Hong Kong Legends are to be congratulated once again on this superb release of the relatively unknown, old-school 1972 kung fu classic, "Hapkido" (listed as "He qi dao" on the IMDb). Chief among the film's many merits is the fact that the lead protagonist is, unusually for the genre, a woman (Angela Mao: familiar to casual fans of kung fu flicks from her appearance alongside Bruce Lee in "Enter the Dragon", no doubt) who gets down and dirty along with the rest of her male fighting colleagues in some exhilarating, lighting-fast and unapologetically violent martial arts sequences -- with only the occasional resort to wire-assisted special effects for some of the more outrageous moves. Indeed, the petite and delicate-looking Chinese Opera graduate gets to whip everybody's ass over the course of the ninety minute running time, and is the only participant to remain undefeated at the final credits; there is never any recourse to romantic subplot and when Jackie Chan turns up at the end to help out, it is Mao who ends up saving his ass! This very early Golden Harvest outing has all the energy of the better-known Bruce Lee flicks of the period and though it retains some of the humorous elements of GH flicks from this time, it always keeps them in-check (for sure, there are "broad" performances aplenty -- particularly the portrayals of the Japanese bad guys -- but they never descend into annoying zaniness or slapstick) . The result is a vibrant, pacy and action-packed example of the "rival schools" martial arts sub-genre, that will undoubtedly bring back many happy, nostalgic memories of the early-seventies for many thirty-something viewers thanks to its genre indicative crazy crash zooms and melodramatic music cues, which are always crashing in at key moments in an endearingly clumsy fashion.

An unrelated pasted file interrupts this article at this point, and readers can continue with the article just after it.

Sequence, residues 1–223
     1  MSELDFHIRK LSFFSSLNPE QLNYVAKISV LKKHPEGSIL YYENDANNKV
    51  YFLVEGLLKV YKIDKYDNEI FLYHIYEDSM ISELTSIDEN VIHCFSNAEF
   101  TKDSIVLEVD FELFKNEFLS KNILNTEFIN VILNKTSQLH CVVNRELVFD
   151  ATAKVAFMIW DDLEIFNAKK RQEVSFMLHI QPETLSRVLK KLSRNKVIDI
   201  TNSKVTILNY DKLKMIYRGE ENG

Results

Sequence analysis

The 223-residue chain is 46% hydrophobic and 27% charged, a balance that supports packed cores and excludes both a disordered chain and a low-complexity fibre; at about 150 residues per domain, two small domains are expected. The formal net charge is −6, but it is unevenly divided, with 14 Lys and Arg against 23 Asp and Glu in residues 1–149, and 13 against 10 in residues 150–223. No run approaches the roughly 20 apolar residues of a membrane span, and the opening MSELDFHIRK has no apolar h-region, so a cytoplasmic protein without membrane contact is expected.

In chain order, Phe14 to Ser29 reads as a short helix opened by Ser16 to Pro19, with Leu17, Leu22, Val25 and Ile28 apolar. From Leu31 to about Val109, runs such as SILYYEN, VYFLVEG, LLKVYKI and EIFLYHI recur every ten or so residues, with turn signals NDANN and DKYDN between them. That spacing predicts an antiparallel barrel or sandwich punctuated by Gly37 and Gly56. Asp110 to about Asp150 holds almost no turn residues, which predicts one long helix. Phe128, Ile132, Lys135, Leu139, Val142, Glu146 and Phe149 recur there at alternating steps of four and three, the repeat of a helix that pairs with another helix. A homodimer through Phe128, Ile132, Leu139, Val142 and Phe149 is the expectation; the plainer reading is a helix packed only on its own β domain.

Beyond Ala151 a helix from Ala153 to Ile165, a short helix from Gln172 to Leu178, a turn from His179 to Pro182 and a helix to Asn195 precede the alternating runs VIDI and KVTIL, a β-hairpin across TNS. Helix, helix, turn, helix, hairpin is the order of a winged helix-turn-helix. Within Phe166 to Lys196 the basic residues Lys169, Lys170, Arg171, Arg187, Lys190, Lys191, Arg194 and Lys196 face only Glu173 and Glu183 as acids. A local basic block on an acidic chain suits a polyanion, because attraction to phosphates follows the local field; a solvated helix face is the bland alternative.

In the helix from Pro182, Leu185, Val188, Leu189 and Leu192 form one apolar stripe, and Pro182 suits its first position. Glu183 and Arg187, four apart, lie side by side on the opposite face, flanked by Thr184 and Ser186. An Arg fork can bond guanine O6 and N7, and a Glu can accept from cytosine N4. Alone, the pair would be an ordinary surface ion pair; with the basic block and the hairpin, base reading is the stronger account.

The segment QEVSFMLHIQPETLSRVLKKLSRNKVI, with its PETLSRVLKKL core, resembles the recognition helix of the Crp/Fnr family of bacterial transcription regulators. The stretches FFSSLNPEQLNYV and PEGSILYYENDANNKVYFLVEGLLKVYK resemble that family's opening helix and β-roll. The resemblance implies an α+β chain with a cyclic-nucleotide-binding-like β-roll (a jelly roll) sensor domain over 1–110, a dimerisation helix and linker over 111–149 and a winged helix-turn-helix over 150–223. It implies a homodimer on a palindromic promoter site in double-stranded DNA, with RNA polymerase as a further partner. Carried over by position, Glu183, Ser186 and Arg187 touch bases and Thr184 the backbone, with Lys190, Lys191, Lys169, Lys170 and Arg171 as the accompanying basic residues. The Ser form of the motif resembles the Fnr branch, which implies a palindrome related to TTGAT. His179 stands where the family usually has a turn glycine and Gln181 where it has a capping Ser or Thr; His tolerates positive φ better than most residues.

The film is set in 1934 at a time when Japan's aggressive, imperialist policy had seen it gain complete control of Korea, as well as certain regions of a weak and divided China -- most notably, Manchuria. "Hapkido" reduces the entire political situation of the period to a childish feuding between rival martial arts schools -- with the peaceful, honourable and equality-loving Chinese students of Hap Ki Do (represented by Angelia Mao's character, Ying, and her two Hapkido training buddies, Fan Wei [Sammo Hung] and "older brother" [Carter Wong]), unwillingly forced to butt heads with an opposing, aggressive school, The Black Bear Academy, which is run by warlike, evil Japanese goons (the Japanese master, Toyoda, even has a comical "Hitler" Moustache just to ram home the Fascist nature of the nation he represents). The film's subtext is all about the need for the notoriously clannish and division-prone China to be united in order to prevail against her enemies. At the start of the film we see that Ying and her two male trainees have travelled from China to Korea in order to study the Korean-developed martial art technique known as Hap Ki Do. The school that is training them has been founded as a martial arts underground resistance to the ruling Japanese army (who have outlawed the unauthorised practice of martial arts), so when Ying and her two friends get into an argument with some comically villainous Japanese soldiers, their Hap Ki Do training instructor is forced to send them back to China in order to avoid unnecessary attention being drawn to the school's activities. But he does so with the aim of having them take the values and skills of the Korean martial arts variant they have been taught -- and of which they have become proficient practitioners -- back to mainland China, all the time remembering that they must practice forbearance in the face of any hostility they encounter from rival schools in the martial arts community.